Dress Like a Byzantine Empress – Byzantine Art in Fashion Collections

by | May 31, 2022 | Art, Fashion

Dolce & Gabbana, FW 2013 RTW collection, backstage photo. Pinterest.

DailyArt Magazine: Have you ever wondered how Byzantine art stepped onto the catwalk? It all started with Empress Theodora and a Byzantine-inspired piece of jewelry from the 1930s – the Ravenna cuff owned by Coco Chanel. The great mosaics of the Byzantine Empire were a source of inspiration throughout the centuries for many artists and creators (Gustav Klimt’s golden paintings are the most obvious example of such inspiration). Let’s see what happens when Byzantine art meets high fashion, shall we?


Left: Coco Chanel wearing a cuff bracelet designed by Fulco di Verdura. Photo by Lipnitzki/Roger Viollet; Right: Fulco di Verdura, a silver, enamel, and simulated gemstone bracelet, private collection. Christie’s.

1. Alexander McQueen

Fall 2010 Ready-to-Wear

In the fall of 2010, Alexander McQueen presented what turned out to be his last collection, inspired by the Middle Ages. In this collection, among dresses inspired by Hieronymus Bosch’s paintings, we find Byzantine-inspired long gowns – bejeweled and embroidered with gold (some of them also with a floor-length cape inspired by a paludamentum) – truly worthy of an empress.

Alexander McQueen, Fall 2010 RTW collection. Photos by Christopher Moore.

2. Chanel

Pre-Fall 2011 “Paris-Byzance”

“Coco Chanel is the new Theodora” said Karl Lagerfeld, the creative director of the fashion house Chanel, when he introduced the Pre-Fall 2011 collection inspired by the Byzantine Empress.

“Theodora was a circus artist who became an empress, like Chanel, who was a little singer and became a fashion empress.”

Karl Lagerfeld (attr.)

Chanel, Pre-Fall 2011 collection. Chanel’s website.

Rich colors, contrasted with gold, colorful gems, and mosaic embroidery reminds us of Byzantine splendor. This elegant collection is a tribute to Coco Chanel, who initiated the trend of Byzantine influence in modern fashion.

Chanel, Pre-Fall 2011 collection. Chanel’s website.

The resemblance to the Empresses Theodora and Irene can be seen in the model’s hair pinned up high, with tiara-like headbands and jewelry.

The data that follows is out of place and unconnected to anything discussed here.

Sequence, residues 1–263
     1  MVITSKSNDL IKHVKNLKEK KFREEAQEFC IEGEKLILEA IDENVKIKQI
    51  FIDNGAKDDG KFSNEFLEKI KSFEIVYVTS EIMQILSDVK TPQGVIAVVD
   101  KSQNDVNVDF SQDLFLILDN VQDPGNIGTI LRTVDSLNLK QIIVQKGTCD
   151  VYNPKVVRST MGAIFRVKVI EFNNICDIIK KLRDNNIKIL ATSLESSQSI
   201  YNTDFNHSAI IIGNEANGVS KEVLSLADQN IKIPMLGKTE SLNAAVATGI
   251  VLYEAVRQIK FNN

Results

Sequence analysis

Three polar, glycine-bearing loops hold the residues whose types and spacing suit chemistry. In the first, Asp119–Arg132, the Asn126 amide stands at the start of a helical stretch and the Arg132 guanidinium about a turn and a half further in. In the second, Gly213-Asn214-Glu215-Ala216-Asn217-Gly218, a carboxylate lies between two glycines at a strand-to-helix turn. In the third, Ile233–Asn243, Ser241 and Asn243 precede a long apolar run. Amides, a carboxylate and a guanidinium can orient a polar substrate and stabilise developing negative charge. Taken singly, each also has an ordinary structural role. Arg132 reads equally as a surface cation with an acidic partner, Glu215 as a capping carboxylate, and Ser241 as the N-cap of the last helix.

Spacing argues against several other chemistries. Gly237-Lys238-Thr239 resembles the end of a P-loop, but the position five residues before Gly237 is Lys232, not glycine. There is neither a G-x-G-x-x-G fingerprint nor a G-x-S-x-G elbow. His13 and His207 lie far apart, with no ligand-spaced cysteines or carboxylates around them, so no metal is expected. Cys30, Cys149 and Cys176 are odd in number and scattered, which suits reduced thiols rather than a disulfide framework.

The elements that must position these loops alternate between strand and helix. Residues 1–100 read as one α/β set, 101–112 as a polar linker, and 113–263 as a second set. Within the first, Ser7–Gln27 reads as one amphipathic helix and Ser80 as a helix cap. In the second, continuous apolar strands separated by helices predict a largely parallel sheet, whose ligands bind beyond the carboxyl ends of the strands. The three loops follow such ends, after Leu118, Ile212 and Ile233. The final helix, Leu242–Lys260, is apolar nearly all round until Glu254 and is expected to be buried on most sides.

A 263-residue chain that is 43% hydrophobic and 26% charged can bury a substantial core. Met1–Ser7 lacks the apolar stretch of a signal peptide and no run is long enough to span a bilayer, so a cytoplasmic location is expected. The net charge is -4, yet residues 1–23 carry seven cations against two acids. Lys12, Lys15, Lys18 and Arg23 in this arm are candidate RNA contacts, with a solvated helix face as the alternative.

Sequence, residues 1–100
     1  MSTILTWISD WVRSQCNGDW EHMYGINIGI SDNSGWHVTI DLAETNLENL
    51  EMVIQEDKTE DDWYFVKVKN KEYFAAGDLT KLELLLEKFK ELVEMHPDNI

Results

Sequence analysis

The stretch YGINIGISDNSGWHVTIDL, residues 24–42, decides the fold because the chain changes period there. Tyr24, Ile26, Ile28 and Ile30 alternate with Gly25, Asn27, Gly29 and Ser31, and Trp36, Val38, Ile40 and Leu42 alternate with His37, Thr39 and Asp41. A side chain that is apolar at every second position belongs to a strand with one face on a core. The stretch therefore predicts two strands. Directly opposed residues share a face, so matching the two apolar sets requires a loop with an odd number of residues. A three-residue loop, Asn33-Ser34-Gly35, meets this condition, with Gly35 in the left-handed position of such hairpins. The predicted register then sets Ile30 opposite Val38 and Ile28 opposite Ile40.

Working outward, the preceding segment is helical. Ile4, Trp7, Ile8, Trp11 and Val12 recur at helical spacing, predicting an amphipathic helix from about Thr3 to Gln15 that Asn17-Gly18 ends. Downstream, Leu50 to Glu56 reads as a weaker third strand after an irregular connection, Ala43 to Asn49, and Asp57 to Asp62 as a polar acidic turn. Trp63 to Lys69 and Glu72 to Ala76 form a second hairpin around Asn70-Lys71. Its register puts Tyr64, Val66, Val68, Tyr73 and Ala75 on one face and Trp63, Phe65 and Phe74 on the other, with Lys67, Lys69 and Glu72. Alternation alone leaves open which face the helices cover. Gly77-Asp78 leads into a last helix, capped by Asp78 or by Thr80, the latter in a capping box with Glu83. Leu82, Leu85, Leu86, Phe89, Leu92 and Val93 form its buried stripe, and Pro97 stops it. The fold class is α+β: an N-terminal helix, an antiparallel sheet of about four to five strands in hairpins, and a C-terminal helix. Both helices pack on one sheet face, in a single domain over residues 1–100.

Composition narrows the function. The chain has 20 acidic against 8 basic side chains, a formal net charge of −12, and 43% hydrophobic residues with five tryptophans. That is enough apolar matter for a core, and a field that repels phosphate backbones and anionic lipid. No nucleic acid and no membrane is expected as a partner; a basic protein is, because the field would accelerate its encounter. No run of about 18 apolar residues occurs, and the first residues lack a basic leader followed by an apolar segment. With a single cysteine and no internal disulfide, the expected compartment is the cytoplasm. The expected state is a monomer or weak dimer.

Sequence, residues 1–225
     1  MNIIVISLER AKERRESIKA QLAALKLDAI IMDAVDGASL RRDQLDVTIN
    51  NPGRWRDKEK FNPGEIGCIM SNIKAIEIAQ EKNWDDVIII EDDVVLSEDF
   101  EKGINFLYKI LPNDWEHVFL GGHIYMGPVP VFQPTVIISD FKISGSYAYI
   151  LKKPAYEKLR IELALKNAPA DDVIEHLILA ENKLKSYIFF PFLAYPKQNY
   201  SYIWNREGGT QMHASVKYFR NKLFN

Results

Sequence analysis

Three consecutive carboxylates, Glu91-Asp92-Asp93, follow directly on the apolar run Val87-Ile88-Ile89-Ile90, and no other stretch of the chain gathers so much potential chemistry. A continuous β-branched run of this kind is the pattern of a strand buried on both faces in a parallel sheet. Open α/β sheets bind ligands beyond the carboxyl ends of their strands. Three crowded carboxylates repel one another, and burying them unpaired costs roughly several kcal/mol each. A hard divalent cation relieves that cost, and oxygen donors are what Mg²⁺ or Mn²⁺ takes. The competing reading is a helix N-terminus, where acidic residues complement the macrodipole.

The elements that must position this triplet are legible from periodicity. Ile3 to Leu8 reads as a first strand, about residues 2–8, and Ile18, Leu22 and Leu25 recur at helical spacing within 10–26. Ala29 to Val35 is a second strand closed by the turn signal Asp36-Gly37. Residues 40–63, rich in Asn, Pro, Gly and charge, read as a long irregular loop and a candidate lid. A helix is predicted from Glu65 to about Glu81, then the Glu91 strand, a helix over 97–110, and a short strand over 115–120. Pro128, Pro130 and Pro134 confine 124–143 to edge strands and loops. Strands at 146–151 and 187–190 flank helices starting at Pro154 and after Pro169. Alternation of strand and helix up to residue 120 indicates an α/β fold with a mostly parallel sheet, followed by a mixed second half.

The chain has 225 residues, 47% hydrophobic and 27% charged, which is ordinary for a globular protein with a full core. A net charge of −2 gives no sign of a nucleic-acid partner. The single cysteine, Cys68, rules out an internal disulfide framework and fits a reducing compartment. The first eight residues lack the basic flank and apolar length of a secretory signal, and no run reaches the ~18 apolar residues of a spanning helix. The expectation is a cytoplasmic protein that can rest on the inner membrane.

Chanel, Pre-Fall 2011 collection. Chanel’s website.

3. Dolce & Gabbana

Fall/Winter 2013 Ready-to-Wear

For me personally, the most memorable fashion show inspired by Byzantine art is Dolce & Gabbana FW 2013. Take a look at those stunning golden mosaics from Sicily printed on the clothes, embroidered dresses decorated with cabochons and gems!

Dolce & Gabbana, FW 2013 RTW collection. Photos by Filippo Fior.

n their ready-to-wear collection, Domenico Dolce and Stefano Gabbana represented mosaics from the Santa Maria Nuova Cathedral constructed in the late 12th and 13th centuries. They had 6,340 square meters of tesserae mosaics to choose from as their inspiration! (As some of you might know, Monreale cathedral’s mosaic decoration is the largest mosaic decoration in Italy).

Dolce & Gabbana, Fall/Winter 2013 RTW collection. Photos by Filippo Fior.

On these short dresses, we have a fragment from the dedication mosaic representing King Willhelm II offering the Virgin Mary a model of the church. The same motif can be seen on the short sleeve shirt.

From right to left: Dolce & Gabbana, Fall/Winter 2013 RTW collection. Photos by Filippo Fior; Monreale Cathedral’s mosaic representing Wilhelm II offering the Virgin Mary the model of the church. Web Gallery of Art. Detail.
As we can see, the designers truly covered everything and gave us a real head-to-toe look. Looks were topped with crowns, accessories – earrings, cross pendants (also seen back in 1988 in Christian Lacroix’s fall collection), belts, handbags, and oh my gosh those shoes…
Dolce & Gabbana, Fall/Winter 2013 RTW collection. Photos by Filippo Fior.
Dolce & Gabbana, Fall/Winter 2013 RTW collection. Photos by Filippo Fior.

4. Valentino

Spring 2016 Couture

Yet another great example of Byzantine revival in fashion is Valentino’s collection for spring 2016. Designers Maria Grazia Chiuri and Pierpaolo Piccioli stated that their inspiration for this collection were velvet gowns created at the beginning of the 20th century by Mariano Fortuny.

Valentino, Spring 2016 Couture collection. Photos by Yannis Vlamos.

Fortuny, in his model gowns Delphos and Eleonora, recreated ancient Greek chiton and Byzantine tunica. He also incorporated a long cape to his designs as well as shawls (inspired by lorum) and collars modeled by superhumeral.

From left to right: Mariano Fortuny, Delphos dress; Eleonora gown. Photo by Françoise Cochennec; Coat. National Gallery of Victoria.

The rich colors of the gowns, long capes, golden accessories, and mosaic-like ornaments definitely have a Byzantine touch to them.

Valentino, Spring 2016 Couture collection. Photos by Yannis Vlamos.


And don’t forget that over the years Byzantine influence was present in jewelry. Fulco Santostefano della Cerda, Duke of Verdura, later the “American jeweler,” revolutionized jewelry with his Byzantine designs; the first of them being the Theodora and Ravenna brooches and costume jewelry line created for Coco Chanel. The inspiration for the iconic pieces were mosaics from San Vitale Basilica in Ravenna, which he had seen during his trip to Italy with Coco.

Verdura, Byzantine collection jewelry. Brand’s website

Ela Wojewska

Art historian and proud member of the DailyArt team! Her main interest in AH is art theory and Italian Renaissance.

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